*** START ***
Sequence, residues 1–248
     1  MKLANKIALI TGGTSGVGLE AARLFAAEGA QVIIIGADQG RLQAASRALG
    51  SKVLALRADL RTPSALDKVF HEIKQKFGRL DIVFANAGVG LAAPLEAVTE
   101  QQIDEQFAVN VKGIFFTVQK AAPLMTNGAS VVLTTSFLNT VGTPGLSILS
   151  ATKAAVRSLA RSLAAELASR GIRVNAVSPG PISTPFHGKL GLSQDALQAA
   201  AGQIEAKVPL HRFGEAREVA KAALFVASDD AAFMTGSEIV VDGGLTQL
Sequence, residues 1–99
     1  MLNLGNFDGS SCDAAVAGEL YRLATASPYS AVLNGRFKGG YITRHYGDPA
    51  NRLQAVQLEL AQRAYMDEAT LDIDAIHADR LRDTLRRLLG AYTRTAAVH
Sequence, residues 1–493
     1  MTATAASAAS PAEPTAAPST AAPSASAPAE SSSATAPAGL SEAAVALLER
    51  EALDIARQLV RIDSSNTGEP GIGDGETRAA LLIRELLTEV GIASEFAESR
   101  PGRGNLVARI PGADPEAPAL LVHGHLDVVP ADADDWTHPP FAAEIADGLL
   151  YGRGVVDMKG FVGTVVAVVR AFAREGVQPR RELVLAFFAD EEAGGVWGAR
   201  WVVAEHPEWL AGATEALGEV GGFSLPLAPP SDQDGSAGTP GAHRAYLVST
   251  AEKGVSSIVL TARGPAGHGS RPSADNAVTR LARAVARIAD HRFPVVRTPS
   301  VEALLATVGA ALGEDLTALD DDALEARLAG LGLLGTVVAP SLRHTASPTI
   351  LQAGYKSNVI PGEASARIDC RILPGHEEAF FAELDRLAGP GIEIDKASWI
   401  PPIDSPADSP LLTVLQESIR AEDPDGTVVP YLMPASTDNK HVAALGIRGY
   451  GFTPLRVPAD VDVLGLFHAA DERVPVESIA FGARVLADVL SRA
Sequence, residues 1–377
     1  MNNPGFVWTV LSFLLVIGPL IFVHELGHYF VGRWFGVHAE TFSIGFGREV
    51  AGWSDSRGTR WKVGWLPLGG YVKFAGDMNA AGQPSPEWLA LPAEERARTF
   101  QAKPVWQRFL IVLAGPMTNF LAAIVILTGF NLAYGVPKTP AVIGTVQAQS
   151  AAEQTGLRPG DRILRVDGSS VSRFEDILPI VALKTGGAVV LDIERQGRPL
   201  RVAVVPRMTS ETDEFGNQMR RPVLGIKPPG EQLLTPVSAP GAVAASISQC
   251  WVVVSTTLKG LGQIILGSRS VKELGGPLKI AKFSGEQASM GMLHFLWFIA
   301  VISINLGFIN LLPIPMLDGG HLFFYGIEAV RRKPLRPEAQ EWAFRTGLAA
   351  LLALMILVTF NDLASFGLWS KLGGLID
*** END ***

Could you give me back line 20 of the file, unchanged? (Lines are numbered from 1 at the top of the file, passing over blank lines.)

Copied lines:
   451  GFTPLRVPAD VDVLGLFHAA DERVPVESIA FGARVLADVL SRA